So how do we break this cycle? Well… To start, enjoy dating! Embrace the courtship. Don’t focus on the end goal of marriage, but enjoy the process of getting to know your partner. Have fun together. Create memories. Bond. Laugh.

Second, understand that no person or relationship is perfect. Make a list of what you actually WANT in a partner and know what you will not compromise on and what is somewhat negotiable. I’m not saying ignore the things you don’t want, but focus on the positive more than the negative. As long as the positive outweighs the negative, you have something to work with.

And last, live for the moment. Yes there are many people out there, and any number of them could be a great match. Take the time to know what you want and value in a person and appreciate it when you find it. There are always trade-offs. It takes commitment – the conscious decision to be together and make it work – to achieve the fairy tale ending.

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Spice up Your Butternut Squash Soup

Butternut SquashWhether it’s a bone chilling rainy day or a frigid winter afternoon, nothing warms my soul more than a cup of home-made roasted curry butternut squash soup. I absolutely love the rich flavour and the curry spice kick. It’s extremely quick to make and comes with a whole host of health benefits.

Butternut squash is low energy density, which means it offers tremendous nutrients without a lot of calories. It’s also rich in dietary fibre and phyto-nutrients and contains no saturated fats or cholesterol, making it highly recommended by dieticians for controlling cholesterol and weight loss.

Here is my quick, delicious recipe that is sure to warm you up on a chilly day.

INGREDIENTS

  • 1 Medium Sized Butternut Squash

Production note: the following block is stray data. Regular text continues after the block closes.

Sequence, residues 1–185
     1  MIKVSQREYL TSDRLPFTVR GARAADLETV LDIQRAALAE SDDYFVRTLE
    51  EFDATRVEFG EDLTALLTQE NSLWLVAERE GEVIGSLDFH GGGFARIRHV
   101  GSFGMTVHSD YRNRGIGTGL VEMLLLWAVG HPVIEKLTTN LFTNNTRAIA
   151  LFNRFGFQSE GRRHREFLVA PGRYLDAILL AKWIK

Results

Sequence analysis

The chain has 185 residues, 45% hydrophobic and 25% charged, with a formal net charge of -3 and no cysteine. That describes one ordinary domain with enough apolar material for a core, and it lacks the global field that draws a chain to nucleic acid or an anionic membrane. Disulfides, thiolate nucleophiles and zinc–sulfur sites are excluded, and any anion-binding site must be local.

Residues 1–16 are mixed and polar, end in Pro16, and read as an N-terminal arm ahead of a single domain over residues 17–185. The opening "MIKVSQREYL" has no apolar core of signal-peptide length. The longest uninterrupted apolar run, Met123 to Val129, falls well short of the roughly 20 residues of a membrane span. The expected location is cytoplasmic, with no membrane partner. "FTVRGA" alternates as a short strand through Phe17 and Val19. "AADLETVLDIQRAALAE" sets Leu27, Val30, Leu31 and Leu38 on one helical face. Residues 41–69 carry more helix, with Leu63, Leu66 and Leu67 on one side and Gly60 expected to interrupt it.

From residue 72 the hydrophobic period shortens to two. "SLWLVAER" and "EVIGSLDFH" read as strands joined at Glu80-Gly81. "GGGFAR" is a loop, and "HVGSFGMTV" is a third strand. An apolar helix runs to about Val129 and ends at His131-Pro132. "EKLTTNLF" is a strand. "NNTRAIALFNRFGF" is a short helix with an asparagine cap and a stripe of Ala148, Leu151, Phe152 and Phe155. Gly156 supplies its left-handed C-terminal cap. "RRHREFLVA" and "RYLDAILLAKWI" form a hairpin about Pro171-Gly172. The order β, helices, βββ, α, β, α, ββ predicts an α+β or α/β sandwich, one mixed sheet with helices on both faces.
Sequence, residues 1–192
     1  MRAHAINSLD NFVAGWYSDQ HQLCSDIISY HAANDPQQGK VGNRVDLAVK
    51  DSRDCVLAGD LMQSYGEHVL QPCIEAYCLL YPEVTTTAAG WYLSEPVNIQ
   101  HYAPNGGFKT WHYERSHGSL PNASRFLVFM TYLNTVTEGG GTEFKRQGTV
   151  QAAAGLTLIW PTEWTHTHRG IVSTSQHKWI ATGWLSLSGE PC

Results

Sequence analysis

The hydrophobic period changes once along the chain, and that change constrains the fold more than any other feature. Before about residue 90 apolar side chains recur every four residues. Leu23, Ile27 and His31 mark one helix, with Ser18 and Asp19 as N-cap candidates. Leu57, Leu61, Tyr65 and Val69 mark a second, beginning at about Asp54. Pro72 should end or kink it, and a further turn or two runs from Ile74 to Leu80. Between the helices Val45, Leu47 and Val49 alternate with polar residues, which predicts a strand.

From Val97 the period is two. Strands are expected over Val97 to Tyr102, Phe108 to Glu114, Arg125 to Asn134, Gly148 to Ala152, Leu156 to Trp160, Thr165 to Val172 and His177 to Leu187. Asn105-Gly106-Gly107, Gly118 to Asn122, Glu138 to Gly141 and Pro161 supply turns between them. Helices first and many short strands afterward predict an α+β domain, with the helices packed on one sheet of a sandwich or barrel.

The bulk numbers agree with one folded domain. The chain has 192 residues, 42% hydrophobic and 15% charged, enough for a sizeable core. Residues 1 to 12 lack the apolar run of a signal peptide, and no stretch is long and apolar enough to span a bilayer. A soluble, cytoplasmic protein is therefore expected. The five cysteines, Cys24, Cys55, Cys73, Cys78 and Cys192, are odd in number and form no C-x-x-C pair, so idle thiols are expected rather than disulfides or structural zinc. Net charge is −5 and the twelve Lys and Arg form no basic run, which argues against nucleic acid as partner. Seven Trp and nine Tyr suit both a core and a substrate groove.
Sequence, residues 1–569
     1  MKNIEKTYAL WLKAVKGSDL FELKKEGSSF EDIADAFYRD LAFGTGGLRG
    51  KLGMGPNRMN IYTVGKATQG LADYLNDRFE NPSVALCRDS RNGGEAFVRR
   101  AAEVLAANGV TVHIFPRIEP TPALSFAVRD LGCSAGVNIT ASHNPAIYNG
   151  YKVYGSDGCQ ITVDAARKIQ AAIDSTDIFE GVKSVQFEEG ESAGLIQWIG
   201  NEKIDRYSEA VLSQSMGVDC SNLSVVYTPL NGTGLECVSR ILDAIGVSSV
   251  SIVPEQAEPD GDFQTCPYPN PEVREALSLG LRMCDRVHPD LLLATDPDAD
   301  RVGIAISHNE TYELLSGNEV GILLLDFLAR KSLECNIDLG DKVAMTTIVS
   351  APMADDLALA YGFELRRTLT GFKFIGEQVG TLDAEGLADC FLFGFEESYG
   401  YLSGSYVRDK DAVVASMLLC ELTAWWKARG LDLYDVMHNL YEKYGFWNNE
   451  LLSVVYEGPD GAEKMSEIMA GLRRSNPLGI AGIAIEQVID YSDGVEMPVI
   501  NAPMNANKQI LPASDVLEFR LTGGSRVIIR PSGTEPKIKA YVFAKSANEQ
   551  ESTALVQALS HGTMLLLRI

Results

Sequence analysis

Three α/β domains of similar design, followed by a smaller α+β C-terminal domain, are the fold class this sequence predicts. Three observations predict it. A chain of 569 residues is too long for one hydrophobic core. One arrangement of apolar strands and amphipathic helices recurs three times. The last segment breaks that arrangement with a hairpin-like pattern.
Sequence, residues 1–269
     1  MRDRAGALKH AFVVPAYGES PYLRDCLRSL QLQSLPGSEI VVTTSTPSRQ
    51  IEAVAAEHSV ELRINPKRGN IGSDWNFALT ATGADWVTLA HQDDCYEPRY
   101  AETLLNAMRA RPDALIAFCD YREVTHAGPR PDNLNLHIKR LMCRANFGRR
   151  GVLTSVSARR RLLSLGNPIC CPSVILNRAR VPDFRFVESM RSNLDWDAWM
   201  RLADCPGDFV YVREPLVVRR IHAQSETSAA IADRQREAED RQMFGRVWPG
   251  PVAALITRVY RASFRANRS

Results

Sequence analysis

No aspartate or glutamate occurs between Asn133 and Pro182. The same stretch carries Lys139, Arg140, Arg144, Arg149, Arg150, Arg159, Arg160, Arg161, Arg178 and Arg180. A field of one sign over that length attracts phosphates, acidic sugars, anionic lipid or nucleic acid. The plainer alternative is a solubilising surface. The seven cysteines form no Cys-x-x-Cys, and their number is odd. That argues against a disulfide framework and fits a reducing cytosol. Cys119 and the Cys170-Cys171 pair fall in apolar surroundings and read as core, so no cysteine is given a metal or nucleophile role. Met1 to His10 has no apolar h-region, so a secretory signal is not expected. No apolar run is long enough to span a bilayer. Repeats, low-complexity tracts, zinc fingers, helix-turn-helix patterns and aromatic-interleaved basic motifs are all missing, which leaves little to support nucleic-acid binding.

• 1 Large Onion diced
  • 1 Litre of Organic Free Range Chicken Broth
  • 3 table spoons of curry powder
  • 1 table spoon of nutmeg
  • 1 table spoon of cinnamon
  • Pinch of salt and pepper

DIRECTIONS

Preheat the oven to 400 degrees F.

Roasting the Butternut Squash

  1. Cut the butternut squash in half lengthwise
  2. Place it on a foil lined baking sheet cut side up
  3. Bake for 50 minutes
  4. Scoop the butternut squash into a bowl and set aside

Preparing the Broth

  1. In large pot, brown the diced onion and curry powder
  2. Add chicken broth and bring to a boil

Putting it all Together

  1. Add scooped butternut squash and boil for 20 minutes
  2. Add nutmeg, cinnamon, salt and pepper
  3. Reduce heat and simmer for 20 minutes
  4. Blend well using a food processor or blender (I use my Ninja. Because I love the name. )
  5. Let cool, serve and enjoy!

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5 Ways to Set Yourself Apart and Accelerate Your Career

woman legs ladderSetting yourself apart at work is no easy task. Not only are young people entering the workforce more educated than ever, as you climb the ladder, the competition gets stiffer. So what differentiates phenomenal employees from the rest of the pack?

I have been fortunate to work for some of the world’s largest and most reputable companies, exposing me to the most inspiring leaders. It has amazed me how quickly some people progress to the top and I have paid particular attention to the way in which they have really set themselves apart from everyone else.

Here are five ways you can set yourself apart and accelerate your career.

1. Consider yourself a steward of the organization

Why should senior leaders or shareholders hand the company over to your leadership if you don’t treat it like it’s your own? Work hard and with the same passion as you would if it was your company. Treat business decisions the same way. Ask yourself: “What decision would I make if I was faced with this exact situation in my own company?”

2. Build your personal brand

What do you want to be known for? You should be able to answer this question without much thought and let this be your guiding light as you progress through your career. Every decision, interaction and behaviour should be aligned with and help to reinforce your personal brand. While there are some traits that must be part of your personal brand (courage, risk, integrity, etc.), you should differentiate yourself in some way in an effort to leave behind a legacy that lives beyond your tenure.

3. Align with key influencers

No one climbs higher up the ladder without the help of others along the way. Identify, learn from and align with key influencers within the organization. Having them in your corner elevates your personal brand similar to word of mouth advertising. Influencers usually have great relationships at the top and impact all key hiring decisions. Carefully select one early in your tenure, and establish a mentoring relationship with them. Then learn as much as you can about the business, the culture and other influencers that you may want to leverage.